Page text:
Each of these can lead to stress on the natural head and jaw position. In addition, leaning the head forward too often strains the Temporomandibular joints’ ligaments, spinal discs, and the neck and shoulder muscles. Again, this strain affects the jaw position, and your chewing muscles are put under extra stress. 
  • Displacement in the Temporomandibular Joint: If any kind of displacement to the soft tissue or disk between the ball and socket joint in the jaw occurs, it leads to a popping or grating sound accompanied by pain.
  • Arthritis: From time to time, we also see cases of temporomandibular joint disorder where the cause is a specific medical condition such as osteoarthritis.
  • Any kind of trauma: If your head or face undergoes any type of trauma – because of an accident or a surgical procedure. It may result in a fractured jaw that can cause Temporomandibular Joint Disorder. Unfortunately, in some cases, even after the fracture is healed, pain and stiffness may remain in the temporomandibular joint. 
  • Bruxism: More commonly referred to as jaw clenching, Bruxism occurs in many individuals when sleeping due to stress. Some also clench their jaw throughout the day whenever under pressure. Over time it leads to strain on the temporomandibular joint and adjoining muscles.
  • Lockjaw: Medically referred to as Trismus, lockjaw occurs when muscles of the jaw spasm and restrict jaw movements. Lockjaw could be the cause and a symptom of temporomandibular joint disorder. Other reasons leading to lockjaw include radiation therapy, tetanus, and jaw injury.
  • Incorrect teeth alignment: Medically referred to as malocclusion, people that suffer from improper teeth alignment tend to cause stress to the temporomandibular joint when they’re eating and chewing.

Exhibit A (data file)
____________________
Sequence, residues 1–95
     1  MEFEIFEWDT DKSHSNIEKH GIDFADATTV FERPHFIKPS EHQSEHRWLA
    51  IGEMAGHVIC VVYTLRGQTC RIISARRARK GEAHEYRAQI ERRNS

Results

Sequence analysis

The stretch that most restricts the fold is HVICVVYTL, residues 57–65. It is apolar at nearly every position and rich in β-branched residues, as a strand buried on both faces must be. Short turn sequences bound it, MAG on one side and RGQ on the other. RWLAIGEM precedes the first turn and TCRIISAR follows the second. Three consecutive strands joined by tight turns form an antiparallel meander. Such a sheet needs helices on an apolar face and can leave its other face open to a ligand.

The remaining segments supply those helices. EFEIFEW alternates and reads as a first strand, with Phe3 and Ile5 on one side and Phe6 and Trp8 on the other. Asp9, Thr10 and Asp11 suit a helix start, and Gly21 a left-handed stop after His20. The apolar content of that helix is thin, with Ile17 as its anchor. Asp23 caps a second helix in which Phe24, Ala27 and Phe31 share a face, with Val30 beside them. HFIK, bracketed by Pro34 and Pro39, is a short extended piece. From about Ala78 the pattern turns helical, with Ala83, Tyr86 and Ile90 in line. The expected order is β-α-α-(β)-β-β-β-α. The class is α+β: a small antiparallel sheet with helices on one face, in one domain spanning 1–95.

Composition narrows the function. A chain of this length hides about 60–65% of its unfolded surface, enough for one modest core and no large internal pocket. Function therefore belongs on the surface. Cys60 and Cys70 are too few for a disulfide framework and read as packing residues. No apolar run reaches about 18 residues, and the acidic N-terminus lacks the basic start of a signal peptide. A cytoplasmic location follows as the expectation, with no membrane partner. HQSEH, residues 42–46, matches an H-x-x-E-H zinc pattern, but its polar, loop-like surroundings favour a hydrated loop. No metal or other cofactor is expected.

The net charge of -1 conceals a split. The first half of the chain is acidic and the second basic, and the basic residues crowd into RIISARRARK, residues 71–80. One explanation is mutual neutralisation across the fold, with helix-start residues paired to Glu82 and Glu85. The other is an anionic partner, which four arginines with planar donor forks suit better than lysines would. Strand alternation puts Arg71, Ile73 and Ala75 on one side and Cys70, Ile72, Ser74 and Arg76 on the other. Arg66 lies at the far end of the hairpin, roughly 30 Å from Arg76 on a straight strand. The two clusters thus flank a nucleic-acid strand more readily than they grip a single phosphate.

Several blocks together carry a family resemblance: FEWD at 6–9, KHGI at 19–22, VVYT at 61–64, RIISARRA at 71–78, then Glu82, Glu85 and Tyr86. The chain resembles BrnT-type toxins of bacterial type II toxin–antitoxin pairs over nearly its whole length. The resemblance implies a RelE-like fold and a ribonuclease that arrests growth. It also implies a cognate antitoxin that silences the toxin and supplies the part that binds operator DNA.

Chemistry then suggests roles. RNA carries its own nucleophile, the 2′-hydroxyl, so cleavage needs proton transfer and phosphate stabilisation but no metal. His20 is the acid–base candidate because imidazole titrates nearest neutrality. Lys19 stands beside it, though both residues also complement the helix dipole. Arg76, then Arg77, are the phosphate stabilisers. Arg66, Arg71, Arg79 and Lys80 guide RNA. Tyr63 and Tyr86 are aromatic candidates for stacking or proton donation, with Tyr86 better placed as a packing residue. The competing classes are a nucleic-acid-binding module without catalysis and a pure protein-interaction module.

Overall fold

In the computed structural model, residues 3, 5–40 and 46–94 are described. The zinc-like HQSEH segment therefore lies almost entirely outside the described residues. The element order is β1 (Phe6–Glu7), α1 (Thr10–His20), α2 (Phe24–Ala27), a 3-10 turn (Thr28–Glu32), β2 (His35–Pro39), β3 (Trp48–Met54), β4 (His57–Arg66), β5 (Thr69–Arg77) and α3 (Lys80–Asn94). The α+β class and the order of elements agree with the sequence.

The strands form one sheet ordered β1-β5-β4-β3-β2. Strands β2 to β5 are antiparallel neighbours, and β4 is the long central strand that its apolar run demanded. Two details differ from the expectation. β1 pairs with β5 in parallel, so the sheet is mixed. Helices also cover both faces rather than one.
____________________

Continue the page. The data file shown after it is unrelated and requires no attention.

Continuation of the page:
• Post-surgery: Movement of the temporomandibular joint is sometimes affected after surgery on the jaw and the face. 

What Are The Main Symptoms Of Temporomandibular Joint Disorder?

Medically accurate 3D illustration of human teeth and dentures concept showing tmj

In our experience, the symptoms of TMD vary significantly from patient to patient, but the most common symptoms are:

  • Difficulty while talking or chewing
  • Lockjaw
  • Pain and fatigue in the jaw
  • Headaches and occasional bouts of dizziness
  • A popping sound when the jaw moves
  • Pain in the neck
  • Ringing sounds in the ear around the affected part of the TMJ.

Do You Have TMD?

Do You Have TMD? Exam of jaw

To make a diagnosis of TMD, we first try to identify the cause of your symptoms. To do this, we:

  • Check your medical history to find out whether you have had any trauma, surgery, or injury to the face or neck.  
  • Perform a detailed physical examination of your neck and jaw while examining the muscles and soft tissues in your face and neck.
  • Ask about your symptoms- particularly the type of pain you have and what triggers it – to help determine the root cause.
  • Evaluate your natural spinal posture paying particular attention to your cervical spine and how it moves (or doesn’t).
  • Finally, we examine your temporomandibular joint to check mobility and flexibility and determine whether any abnormalities exist within the joint.